A Conceptual Framework for Resilience-Focused Private–Public Collaborative Networks
The committee’s charge included the development of a framework for private–public collaboration to enhance community disaster resilience. Any single template or checklist would not sufficiently address the full array of needs for collaboration of all communities around the country or the diverse threats they face. The committee therefore sought to develop an overarching conceptual framework that would provide the context in which collaborative efforts are best undertaken. The framework laid out in this chapter focuses on organizational aspects of encouraging and enabling private–public collaboration and on the processes and strategies for institutionalizing effective communitywide collaboration. To create the framework, the committee explored theoretical concepts and models and related literature. The resulting conceptual model is the basis of the specific guidelines and examples provided later in this report.
Three themes are presented in this chapter. The first is the theoretical necessity for private–public collaboration focused on building community resilience. The committee describes the assumptions on which its theoretical framework is based, discusses the role of collaboration in comprehensive emergency management and capacity building, and explains what disaster resilience means for a community. The second theme is the theoretical basis for successful collaboration. The chapter delves into concepts such as creating incentives, planning perspectives, and the advantages of decentralized decision making processes. Levels of engagement are also addressed. The final theme is the committee’s conceptual model for resilience-focused private–public collaboration and describes the elements therein. Organizational aspects of the framework will be presented in Chapter 3.
BASIC PRINCIPLES THAT SHAPE THE CONCEPTUAL FRAME
The overarching conceptual frame that guides this report is derived from research in several disaster-related disciplines and from guidance the committee received at its workshop (NRC, 2010). The framework rests on the following assumptions:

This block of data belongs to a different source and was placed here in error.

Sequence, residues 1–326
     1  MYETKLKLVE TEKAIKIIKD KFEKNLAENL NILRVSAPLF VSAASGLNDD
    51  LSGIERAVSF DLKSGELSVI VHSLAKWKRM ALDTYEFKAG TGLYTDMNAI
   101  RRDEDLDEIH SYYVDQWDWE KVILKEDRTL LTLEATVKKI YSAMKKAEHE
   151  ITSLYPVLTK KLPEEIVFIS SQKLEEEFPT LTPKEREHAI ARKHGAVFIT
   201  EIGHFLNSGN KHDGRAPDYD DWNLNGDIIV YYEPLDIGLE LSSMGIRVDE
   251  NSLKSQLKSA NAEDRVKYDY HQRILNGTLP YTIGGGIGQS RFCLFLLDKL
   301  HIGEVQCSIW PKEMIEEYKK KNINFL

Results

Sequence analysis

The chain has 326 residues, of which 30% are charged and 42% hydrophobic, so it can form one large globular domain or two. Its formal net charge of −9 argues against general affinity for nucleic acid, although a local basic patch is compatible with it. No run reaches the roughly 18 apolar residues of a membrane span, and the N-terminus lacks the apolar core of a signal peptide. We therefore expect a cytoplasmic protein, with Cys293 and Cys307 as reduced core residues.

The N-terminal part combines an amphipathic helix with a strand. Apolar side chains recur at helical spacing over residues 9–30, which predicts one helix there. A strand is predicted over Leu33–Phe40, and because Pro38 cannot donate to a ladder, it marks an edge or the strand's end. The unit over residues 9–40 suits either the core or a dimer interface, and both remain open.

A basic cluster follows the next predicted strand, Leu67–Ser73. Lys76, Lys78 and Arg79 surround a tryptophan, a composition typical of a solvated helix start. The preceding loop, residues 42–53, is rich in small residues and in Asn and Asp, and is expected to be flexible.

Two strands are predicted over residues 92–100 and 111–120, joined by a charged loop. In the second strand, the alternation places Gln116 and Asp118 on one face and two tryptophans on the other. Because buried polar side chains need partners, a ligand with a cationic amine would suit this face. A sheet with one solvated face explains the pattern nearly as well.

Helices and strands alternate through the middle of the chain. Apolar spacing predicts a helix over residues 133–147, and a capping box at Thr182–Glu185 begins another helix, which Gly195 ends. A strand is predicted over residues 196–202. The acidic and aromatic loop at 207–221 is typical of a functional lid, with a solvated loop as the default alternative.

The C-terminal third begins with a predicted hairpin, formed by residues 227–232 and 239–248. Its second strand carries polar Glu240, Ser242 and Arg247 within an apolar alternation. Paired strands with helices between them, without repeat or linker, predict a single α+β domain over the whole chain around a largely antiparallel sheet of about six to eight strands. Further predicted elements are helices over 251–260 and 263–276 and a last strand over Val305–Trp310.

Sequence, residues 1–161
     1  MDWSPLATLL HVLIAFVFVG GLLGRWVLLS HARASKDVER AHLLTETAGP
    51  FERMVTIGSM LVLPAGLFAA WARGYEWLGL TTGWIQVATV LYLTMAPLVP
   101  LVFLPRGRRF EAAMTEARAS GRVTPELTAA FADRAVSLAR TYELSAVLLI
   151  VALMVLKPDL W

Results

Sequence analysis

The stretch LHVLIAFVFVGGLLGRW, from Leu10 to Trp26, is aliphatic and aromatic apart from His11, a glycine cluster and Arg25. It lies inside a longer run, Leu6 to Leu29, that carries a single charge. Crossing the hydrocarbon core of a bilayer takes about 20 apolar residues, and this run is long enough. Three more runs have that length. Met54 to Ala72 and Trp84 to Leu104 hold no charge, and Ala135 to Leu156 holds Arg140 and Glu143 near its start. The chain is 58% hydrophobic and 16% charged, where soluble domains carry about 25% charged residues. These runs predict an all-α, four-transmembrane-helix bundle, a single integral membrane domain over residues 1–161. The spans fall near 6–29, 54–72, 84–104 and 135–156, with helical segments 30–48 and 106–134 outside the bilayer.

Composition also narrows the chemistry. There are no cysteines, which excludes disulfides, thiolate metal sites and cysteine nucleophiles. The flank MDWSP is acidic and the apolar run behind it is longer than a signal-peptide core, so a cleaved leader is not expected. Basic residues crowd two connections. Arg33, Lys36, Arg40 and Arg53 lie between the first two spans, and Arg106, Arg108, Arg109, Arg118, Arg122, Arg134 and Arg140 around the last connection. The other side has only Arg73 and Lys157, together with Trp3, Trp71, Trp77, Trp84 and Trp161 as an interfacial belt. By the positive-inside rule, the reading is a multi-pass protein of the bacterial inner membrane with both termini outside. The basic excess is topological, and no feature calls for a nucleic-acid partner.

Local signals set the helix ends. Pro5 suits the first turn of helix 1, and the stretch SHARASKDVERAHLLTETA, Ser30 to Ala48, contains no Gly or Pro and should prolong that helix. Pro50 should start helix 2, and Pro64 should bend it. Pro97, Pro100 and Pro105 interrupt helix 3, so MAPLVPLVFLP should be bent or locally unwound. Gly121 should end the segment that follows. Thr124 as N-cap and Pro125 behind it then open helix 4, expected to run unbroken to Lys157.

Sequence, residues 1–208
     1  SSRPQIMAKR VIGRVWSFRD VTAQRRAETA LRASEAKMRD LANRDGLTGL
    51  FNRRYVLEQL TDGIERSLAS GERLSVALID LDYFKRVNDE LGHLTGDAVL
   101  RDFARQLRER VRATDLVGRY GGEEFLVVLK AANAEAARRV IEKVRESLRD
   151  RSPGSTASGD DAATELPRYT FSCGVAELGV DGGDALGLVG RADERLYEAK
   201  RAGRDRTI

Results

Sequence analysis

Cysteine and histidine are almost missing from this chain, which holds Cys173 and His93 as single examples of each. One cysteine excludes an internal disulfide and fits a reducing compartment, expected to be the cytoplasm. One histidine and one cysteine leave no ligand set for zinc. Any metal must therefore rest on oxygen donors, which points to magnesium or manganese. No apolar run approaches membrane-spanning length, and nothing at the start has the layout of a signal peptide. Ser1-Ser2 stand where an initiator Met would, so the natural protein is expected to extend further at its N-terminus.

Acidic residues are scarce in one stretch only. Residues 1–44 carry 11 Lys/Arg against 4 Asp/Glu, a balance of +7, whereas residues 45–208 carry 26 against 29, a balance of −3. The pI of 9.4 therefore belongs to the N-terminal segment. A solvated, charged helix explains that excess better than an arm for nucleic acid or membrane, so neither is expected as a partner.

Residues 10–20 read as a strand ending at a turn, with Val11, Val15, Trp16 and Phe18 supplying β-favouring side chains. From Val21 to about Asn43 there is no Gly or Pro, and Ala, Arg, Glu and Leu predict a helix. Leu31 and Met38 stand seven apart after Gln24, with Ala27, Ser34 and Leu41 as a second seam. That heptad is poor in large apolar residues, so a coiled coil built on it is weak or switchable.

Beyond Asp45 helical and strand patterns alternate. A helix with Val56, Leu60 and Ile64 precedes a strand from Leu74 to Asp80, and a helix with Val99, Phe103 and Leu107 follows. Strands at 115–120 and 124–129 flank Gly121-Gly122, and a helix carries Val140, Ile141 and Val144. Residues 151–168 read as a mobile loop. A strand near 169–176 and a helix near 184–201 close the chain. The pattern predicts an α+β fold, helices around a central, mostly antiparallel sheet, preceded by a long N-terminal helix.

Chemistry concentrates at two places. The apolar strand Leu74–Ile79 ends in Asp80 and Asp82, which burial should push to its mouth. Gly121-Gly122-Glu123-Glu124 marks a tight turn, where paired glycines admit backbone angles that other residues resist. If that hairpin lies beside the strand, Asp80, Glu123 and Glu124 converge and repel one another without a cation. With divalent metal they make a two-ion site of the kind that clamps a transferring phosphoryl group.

Disaster resilience correlates strongly with community resilience, including economic, environmental, health, and social-justice factors.
Private–public collaboration is based on collaborative relationships in which two or more private and public entities pool and coordinate the use of complementary resources through the joint pursuit of common objectives.
Effective collaboration ideally encompasses the full fabric of the community and is representative of all walks of life—including minorities, the impoverished or disenfranchised, children, and the elderly—so a community-engagement approach is essential for the success of resilience-focused collaboration.
Principles of comprehensive emergency management, incorporating an all-hazards approach, guide resilience-focused collaboration-building efforts.
The framework adopted by the committee assumes that disaster resilience is closely linked with broader capacity-building strategies aimed at long-term community and environmental sustainability. The relationship between disaster resilience and sustainability is directly proportional: communities that suffer high losses in disasters are often the ones that have paid little attention to overall sustainability issues, and communities that actively plan for a more sustainable future are more likely to achieve disaster resilience. Thus, resilience-focused collaboration is likely to be most effective when integrated with and built on broader community functions, including those associated with public health and safety, economic viability, housing quality, infrastructure development, and environmental quality. As multiple workshop participants noted, community resilience involves more than disaster response (NRC, 2010).
Scholarship focusing on the evolution of institutional forms emphasizes that such activities as the production and delivery of goods and services are seldom undertaken by single large corporations or by vast government bureaucracies. Rather, various parties that own or manage different types of resources work in concert to produce and provide goods and services.
The same societal trends influence efforts related to disaster-loss reduction. Taking an example from the homeland security arena, the Department of Homeland Security has a statutory responsibility to protect the critical infrastructure of the United States, but much